Online ISSN 2313-1519
Print    ISSN 1812-2892
Abstract - The Relationship between Kinesiophobia and Disability, Pain and Anxiety in Patients with Chronic Shoulder Pain: A Case Control Study
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Burhan Fatih Kocyigit, Ahmet Akyol

 

ABSTRACT

Objective: Physical and psychological factors affect disability in patients with chronic shoulder pain. Kinesiophobia which is described as fear of movement may induce disability. Therefore, we aimed to compare kinesiophobia levels between patients with chronic shoulder pain and healthy volunteers and to determine the correlations between kinesiophobia and disability, pain and anxiety.

Material and methods: This is a case-control study. 54 patients with shoulder pain and 56 healthy volunteers similar to case group in terms of age, sex and body mass index were enrolled in this research. Patients were evaluated with visual analogue scale, active range of motion measurements, Tampa Scale for Kinesiophobia, Shoulder Pain and Disability Index and Beck Anxiety Inventory.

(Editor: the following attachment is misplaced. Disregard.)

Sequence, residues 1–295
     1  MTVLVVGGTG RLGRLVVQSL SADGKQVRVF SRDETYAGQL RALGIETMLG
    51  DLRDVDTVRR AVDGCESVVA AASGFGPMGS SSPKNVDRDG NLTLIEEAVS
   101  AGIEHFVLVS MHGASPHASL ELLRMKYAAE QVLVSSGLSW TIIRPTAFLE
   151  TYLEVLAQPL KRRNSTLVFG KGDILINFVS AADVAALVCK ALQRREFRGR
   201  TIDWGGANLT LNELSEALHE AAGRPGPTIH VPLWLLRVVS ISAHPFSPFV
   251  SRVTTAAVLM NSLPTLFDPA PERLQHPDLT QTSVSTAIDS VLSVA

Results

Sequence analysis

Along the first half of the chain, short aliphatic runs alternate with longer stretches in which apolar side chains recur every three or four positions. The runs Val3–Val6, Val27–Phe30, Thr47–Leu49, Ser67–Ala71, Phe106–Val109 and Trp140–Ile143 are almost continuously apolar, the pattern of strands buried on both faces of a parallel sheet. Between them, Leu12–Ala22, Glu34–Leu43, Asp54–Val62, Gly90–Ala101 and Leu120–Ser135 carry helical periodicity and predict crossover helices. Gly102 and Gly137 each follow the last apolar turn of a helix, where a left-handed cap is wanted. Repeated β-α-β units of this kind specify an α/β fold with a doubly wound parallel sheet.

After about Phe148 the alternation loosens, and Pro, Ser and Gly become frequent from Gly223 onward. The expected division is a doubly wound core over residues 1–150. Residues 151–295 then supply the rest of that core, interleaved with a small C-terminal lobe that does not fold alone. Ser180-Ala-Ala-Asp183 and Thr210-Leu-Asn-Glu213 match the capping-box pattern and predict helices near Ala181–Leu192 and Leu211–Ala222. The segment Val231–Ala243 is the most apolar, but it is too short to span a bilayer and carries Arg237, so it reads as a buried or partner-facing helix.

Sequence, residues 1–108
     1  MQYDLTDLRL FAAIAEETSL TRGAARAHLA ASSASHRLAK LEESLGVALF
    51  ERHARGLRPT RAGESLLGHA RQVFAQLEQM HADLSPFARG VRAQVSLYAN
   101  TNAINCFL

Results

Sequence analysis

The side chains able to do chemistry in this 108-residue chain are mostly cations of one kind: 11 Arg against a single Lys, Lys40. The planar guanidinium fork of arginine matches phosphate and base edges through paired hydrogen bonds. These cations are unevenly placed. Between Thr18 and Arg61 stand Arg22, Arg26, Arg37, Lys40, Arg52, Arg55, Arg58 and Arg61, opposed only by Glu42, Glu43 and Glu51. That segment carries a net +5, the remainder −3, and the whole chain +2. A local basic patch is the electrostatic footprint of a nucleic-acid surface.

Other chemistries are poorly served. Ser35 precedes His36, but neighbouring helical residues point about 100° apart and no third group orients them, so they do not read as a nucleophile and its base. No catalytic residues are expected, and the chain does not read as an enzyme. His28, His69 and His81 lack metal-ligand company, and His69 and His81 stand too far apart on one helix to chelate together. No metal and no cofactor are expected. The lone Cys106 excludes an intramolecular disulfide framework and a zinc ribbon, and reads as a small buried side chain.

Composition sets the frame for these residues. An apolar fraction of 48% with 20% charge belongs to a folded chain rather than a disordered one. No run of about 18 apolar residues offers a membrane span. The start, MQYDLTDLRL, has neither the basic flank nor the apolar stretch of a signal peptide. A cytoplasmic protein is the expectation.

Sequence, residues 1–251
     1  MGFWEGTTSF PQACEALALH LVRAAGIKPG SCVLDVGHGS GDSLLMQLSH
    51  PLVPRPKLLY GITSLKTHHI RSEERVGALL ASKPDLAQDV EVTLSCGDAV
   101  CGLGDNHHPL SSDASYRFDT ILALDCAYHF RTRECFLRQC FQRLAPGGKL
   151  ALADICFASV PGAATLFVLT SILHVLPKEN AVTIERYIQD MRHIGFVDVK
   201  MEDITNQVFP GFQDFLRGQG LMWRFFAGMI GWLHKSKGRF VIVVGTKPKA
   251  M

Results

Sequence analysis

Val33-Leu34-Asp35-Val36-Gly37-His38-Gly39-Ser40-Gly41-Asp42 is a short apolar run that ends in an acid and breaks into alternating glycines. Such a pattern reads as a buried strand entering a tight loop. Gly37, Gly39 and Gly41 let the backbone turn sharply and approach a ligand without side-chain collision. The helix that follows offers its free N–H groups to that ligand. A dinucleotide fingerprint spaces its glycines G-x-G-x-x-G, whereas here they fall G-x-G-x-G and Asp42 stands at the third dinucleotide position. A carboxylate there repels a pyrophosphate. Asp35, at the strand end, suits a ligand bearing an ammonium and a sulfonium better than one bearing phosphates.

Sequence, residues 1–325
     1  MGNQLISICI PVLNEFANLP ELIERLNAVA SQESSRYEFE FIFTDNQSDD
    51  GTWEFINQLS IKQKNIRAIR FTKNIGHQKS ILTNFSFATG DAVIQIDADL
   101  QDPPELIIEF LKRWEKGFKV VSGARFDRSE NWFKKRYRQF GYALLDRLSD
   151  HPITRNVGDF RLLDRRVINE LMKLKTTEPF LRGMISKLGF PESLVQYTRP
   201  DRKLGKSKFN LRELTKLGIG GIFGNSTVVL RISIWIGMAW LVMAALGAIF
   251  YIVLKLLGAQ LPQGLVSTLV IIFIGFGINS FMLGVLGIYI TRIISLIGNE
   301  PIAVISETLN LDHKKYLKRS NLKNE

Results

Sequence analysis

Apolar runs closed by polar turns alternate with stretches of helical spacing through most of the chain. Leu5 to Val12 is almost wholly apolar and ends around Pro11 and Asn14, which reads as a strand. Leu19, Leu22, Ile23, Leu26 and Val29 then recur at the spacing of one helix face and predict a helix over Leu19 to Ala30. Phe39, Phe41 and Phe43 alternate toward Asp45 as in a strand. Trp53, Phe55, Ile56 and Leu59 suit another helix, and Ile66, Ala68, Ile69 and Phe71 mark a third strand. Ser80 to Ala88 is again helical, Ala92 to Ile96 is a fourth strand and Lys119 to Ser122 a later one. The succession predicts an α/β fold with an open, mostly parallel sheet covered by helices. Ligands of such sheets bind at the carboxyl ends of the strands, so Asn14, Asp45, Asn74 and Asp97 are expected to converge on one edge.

Results: Tampa Scale for Kinesiophobia, Shoulder Pain and Disability Index-pain, Shoulder Pain and Disability Index-disability and Beck Anxiety Inventory scores were significantly higher in the patient group (p<0.05). Tampa Scale for Kinesiophobia scores were significantly and positively correlated with visual analogue scale, Shoulder Pain and Disability Index-pain, Shoulder Pain and Disability Index-disability and Beck Anxiety Inventory scores (r=0.334, p=0.014; r=0.585, p<0.001; r=0.540, p<0.001 and r=0.419, p<0.001). Tampa Scale for Kinesiophobia scores were significantly and negatively correlated with range of motion-flexion, range of motion-abduction and range of motion-extension (r= -0.438, p=0.001; r= -0.373, p=0.005 and r= -0.278, p=0.042). No significant correlation was detected between Tampa Scale for Kinesiophobia scores and symptom duration (p>0.05).

Conclusion: Kinesiophobia is associated with disability, pain and anxiety in patients with chronic shoulder pain. Therefore, factors associated with kinesiophobia should be clearly identified and strategies should be created to improve kinesiophobia levels.

Key words: kinesiophobia, shoulder pain, disability

Corresponding Author: Burhan Fatih Kocyigit, Department of Physical Medicine and Rehabilitation, Kahramanmaras Sutcu Imam University School of Medicine, Kahramanmaras, Turkey. E-mail: bfk2701@hotmail.com

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Volume 3, Number 57 (2020)